same pattern as that seen in the pigmented rhodopsin mouse, implying that
Author contributions: A.B. wrote the paper.
The author declares no conflict of interest.
See companion article on page 2425.
*E-mail: [email protected]
© 2007 by The National Academy of Sciences of the USA
PNAS 兩 February 13, 2007 兩 vol. 104 兩 no. 7 兩 2033–2034
the cells containing the mutant gene
were no more likely to die than the cells
with the WT rhodopsin gene. The only
recorded variation between animals was
that the proportions of mutant to WT
populations determined the speed of
degeneration. It was concluded that the
disease was induced by the presence of
the mutant photoreceptor cells, but cell
death was somehow related to a change
in the environment of the retina rather
than a direct and cell-autonomous effect
of the mutant gene.
These observations stimulated further
investigations of the cause of cell death
in retinal dystrophies, and it became
evident that cell loss is universally
caused by apoptosis (11–13). This finding gave rise to the concept that modulating the risk of apoptosis by using
growth factors may have therapeutic
value. The first attempts were in Royal
College of Surgeons rats in which the
causative gene is expressed in the retinal
pigment epithelium but causes death of
photoreceptor cells. A single intravitreal
injection of basic fibroblast growth factor caused prolongation of photoreceptor cell life (14). A series of trials were
then undertaken in a light damage
model (15) and genetically determined
disease in rodents (16) using a variety of
growth factors given as single intravitreal injections. These experiments
showed variable rescue of photoreceptor
cells depending on the neurokine used
and the disease model and mode of delivery. Ciliary neutrophic factor (CNF)
appeared to be consistently effective in
a variety of models in rodent, cat, and
dog. However, the rescue was inevitably
short-lived given the limited exposure of
the retina to the growth factor. With the
advent of successful gene transfer into
the retina (17, 18), it was possible to
generate long-term treatment. A recombinant adeno-associated virus was used
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measured by their survival, was achieved
after single injections into the subretinal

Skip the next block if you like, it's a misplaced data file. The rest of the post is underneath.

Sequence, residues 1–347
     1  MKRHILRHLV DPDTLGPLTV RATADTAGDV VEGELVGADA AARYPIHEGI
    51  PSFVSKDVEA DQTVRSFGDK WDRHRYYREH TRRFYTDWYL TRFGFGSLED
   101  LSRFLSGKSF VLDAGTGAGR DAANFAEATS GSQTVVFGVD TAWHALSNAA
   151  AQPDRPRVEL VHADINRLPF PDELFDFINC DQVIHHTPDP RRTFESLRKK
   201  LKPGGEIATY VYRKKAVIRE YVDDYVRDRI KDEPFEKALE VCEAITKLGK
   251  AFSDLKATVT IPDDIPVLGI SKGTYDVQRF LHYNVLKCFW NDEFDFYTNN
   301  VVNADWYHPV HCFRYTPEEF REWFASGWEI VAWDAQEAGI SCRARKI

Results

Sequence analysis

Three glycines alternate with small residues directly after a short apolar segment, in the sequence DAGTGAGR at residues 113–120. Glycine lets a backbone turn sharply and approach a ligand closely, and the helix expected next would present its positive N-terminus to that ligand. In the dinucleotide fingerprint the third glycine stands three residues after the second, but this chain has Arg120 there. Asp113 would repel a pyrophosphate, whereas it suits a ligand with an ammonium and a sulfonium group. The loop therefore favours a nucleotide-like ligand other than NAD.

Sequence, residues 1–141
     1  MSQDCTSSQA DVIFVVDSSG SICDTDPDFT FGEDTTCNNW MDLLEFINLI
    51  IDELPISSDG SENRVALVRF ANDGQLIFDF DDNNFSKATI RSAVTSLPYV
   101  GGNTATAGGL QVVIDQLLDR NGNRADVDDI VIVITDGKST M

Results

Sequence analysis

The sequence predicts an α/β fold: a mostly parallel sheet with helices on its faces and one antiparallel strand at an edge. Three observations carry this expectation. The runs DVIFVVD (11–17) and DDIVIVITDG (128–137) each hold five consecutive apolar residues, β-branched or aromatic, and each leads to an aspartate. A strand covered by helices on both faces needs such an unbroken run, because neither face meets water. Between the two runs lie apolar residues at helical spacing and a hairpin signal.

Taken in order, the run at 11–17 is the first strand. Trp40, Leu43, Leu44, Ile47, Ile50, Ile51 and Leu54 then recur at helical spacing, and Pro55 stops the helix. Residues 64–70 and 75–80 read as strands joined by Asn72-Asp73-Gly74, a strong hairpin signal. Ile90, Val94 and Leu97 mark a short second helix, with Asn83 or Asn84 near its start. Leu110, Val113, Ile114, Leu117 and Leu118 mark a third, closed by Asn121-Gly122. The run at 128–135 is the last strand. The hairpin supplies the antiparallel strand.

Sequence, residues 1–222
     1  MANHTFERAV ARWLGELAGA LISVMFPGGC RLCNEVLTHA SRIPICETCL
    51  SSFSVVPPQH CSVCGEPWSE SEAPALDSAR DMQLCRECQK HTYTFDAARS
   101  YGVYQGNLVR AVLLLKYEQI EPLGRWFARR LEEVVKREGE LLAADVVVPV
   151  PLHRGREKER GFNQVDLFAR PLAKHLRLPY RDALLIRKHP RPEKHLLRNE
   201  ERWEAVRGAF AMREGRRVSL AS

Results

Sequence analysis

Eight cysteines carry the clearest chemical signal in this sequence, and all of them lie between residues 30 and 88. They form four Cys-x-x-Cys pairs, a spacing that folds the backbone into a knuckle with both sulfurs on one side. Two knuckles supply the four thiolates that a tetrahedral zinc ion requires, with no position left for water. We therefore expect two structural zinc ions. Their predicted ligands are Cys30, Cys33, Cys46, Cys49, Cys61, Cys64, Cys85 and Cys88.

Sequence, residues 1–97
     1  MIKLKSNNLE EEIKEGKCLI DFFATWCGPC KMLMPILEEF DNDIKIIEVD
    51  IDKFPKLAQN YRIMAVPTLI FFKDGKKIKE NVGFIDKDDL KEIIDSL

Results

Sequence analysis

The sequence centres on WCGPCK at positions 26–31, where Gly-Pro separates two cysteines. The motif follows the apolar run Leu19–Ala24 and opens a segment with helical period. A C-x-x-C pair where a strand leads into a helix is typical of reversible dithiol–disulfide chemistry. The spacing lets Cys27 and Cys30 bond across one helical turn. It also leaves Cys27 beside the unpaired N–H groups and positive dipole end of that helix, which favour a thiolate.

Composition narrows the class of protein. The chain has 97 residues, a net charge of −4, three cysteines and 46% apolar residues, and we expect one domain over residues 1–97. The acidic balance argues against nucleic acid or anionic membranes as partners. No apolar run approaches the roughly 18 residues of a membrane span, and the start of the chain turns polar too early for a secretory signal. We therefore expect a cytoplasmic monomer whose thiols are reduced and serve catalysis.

compartment. However, there were unexpected side effects that appeared to
be dose-related, including changes in
rod photoreceptor nuclear morphology
and a reduction in light sensitivity as
measured by the electroretinogram.
On the basis of these observations, it
was decided to extend the work to humans. A phase I trial of prolonged treatment with CNF was undertaken in
patients with severe retinitis pigmentosa
by using a slow-release biological device
consisting of cells transfected with the
human CNF gene and sequestered
within capsules that were surgically implanted into the vitreous cavity of the
eye (20). As a safety trial, it was successful in showing no untoward effect.
The severity of visual loss and the small
number of subjects involved was believed to preclude any conclusions as to
efficacy, but, surprisingly, some improvement in vision was recorded. Of
seven eyes for which visual acuity could
be tracked by conventional reading
charts, three eyes reached and maintained improved acuities of 10–15 letters, equivalent to a two- to three-line
improvement on standard Snellen acuity
charts. These results are very encouraging because the primary objective was to
slow degeneration rather than cause improvement in vision. Whether visual
gain is a realistic objective will need to
be tested in a phase II trial.
For the clinician managing patients
with retinal diseases, there have been
only limited opportunities to influence
the natural history of common diseases,
and in disorders such as retinal detachment in which surgical treatment was
available, the results with respect to visual recovery have frequently been disappointing. Similarly, laser treatment of
diabetic retinopathy inevitably involves
substantial retinal destruction to achieve
therapeutic benefit that was often timelimited. We are now entering an era of
biological treatment, including gene
therapy and the manipulation of disease
with neurokines, that is based on a better knowledge of pathologic mechanisms. The work of Nakazawa et al. (6)
presents the potential for significant
clinical applications by pointing to a
novel therapeutic target. Limiting the
retina’s exposure to MCP-1 could be
beneficial in the context of many retinal
disorders. With respect to inherited retinal dystrophies, this approach stands in
contrast to gene-therapy approaches in
which a separate genetic construct is
likely be necessary for each disorder.
After years of limited therapeutic opportunities, there are now a number of
promising new approaches derived from
experimental work, and it is likely that
cooperative work between laboratory
scientists and clinicians will transform
treatment of retinal diseases over the
next decade. The importance of these
advances cannot be overemphasized because retinal diseases account for ⬎70%
of severe vision loss in the Western
world.
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to deliver minigenes that code for a secreted form of CNF under control of a
chick ␤-actin promoter (19). Long-term,
panretinal rescue of photoreceptors, as
Monocyte
chemoattractant
protein-1 plays
a critical role
in inducing
photoreceptor
apoptosis.
2034 兩 www.pnas.org兾cgi兾doi兾10.1073兾pnas.0611014104
Bird